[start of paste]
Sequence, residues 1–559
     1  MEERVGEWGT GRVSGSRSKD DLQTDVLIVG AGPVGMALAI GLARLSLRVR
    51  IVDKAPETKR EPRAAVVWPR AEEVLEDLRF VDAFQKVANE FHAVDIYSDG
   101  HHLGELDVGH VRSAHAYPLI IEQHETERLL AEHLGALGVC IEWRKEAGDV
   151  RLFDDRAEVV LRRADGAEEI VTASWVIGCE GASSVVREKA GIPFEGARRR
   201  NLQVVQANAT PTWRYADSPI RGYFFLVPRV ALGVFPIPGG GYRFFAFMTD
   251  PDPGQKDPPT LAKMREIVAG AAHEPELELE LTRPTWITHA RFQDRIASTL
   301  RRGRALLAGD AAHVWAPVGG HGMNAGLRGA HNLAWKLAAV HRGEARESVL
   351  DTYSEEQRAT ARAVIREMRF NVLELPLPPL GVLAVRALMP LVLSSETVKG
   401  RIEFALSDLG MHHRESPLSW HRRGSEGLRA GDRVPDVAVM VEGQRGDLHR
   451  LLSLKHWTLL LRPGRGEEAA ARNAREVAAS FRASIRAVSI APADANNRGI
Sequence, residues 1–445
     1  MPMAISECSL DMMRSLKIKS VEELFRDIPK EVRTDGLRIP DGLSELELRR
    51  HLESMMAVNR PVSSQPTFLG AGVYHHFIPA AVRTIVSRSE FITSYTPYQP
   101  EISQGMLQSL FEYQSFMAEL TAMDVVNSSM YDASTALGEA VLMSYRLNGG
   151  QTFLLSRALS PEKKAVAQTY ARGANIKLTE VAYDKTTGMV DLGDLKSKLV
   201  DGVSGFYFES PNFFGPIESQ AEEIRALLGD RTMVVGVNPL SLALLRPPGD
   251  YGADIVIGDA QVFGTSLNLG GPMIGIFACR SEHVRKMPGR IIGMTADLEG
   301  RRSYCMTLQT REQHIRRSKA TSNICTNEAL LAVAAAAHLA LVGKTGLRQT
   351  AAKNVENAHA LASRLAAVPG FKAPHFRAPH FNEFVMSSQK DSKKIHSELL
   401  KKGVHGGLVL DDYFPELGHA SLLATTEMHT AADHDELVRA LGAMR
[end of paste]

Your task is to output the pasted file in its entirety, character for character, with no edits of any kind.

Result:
Sequence, residues 1–559
     1  MEERVGEWGT GRVSGSRSKD DLQTDVLIVG AGPVGMALAI GLARLSLRVR
    51  IVDKAPETKR EPRAAVVWPR AEEVLEDLRF VDAFQKVANE FHAVDIYSDG
   101  HHLGELDVGH VRSAHAYPLI IEQHETERLL AEHLGALGVC IEWRKEAGDV
   151  RLFDDRAEVV LRRADGAEEI VTASWVIGCE GASSVVREKA GIPFEGARRR
   201  NLQVVQANAT PTWRYADSPI RGYFFLVPRV ALGVFPIPGG GYRFFAFMTD
   251  PDPGQKDPPT LAKMREIVAG AAHEPELELE LTRPTWITHA RFQDRIASTL
   301  RRGRALLAGD AAHVWAPVGG HGMNAGLRGA HNLAWKLAAV HRGEARESVL
   351  DTYSEEQRAT ARAVIREMRF NVLELPLPPL GVLAVRALMP LVLSSETVKG
   401  RIEFALSDLG MHHRESPLSW HRRGSEGLRA GDRVPDVAVM VEGQRGDLHR
   451  LLSLKHWTLL LRPGRGEEAA ARNAREVAAS FRASIRAVSI APADANNRGI
Sequence, residues 1–445
     1  MPMAISECSL DMMRSLKIKS VEELFRDIPK EVRTDGLRIP DGLSELELRR
    51  HLESMMAVNR PVSSQPTFLG AGVYHHFIPA AVRTIVSRSE FITSYTPYQP
   101  EISQGMLQSL FEYQSFMAEL TAMDVVNSSM YDASTALGEA VLMSYRLNGG
   151  QTFLLSRALS PEKKAVAQTY ARGANIKLTE VAYDKTTGMV DLGDLKSKLV
   201  DGVSGFYFES PNFFGPIESQ AEEIRALLGD RTMVVGVNPL SLALLRPPGD
   251  YGADIVIGDA QVFGTSLNLG GPMIGIFACR SEHVRKMPGR IIGMTADLEG
   301  RRSYCMTLQT REQHIRRSKA TSNICTNEAL LAVAAAAHLA LVGKTGLRQT
   351  AAKNVENAHA LASRLAAVPG FKAPHFRAPH FNEFVMSSQK DSKKIHSELL
   401  KKGVHGGLVL DDYFPELGHA SLLATTEMHT AADHDELVRA LGAMR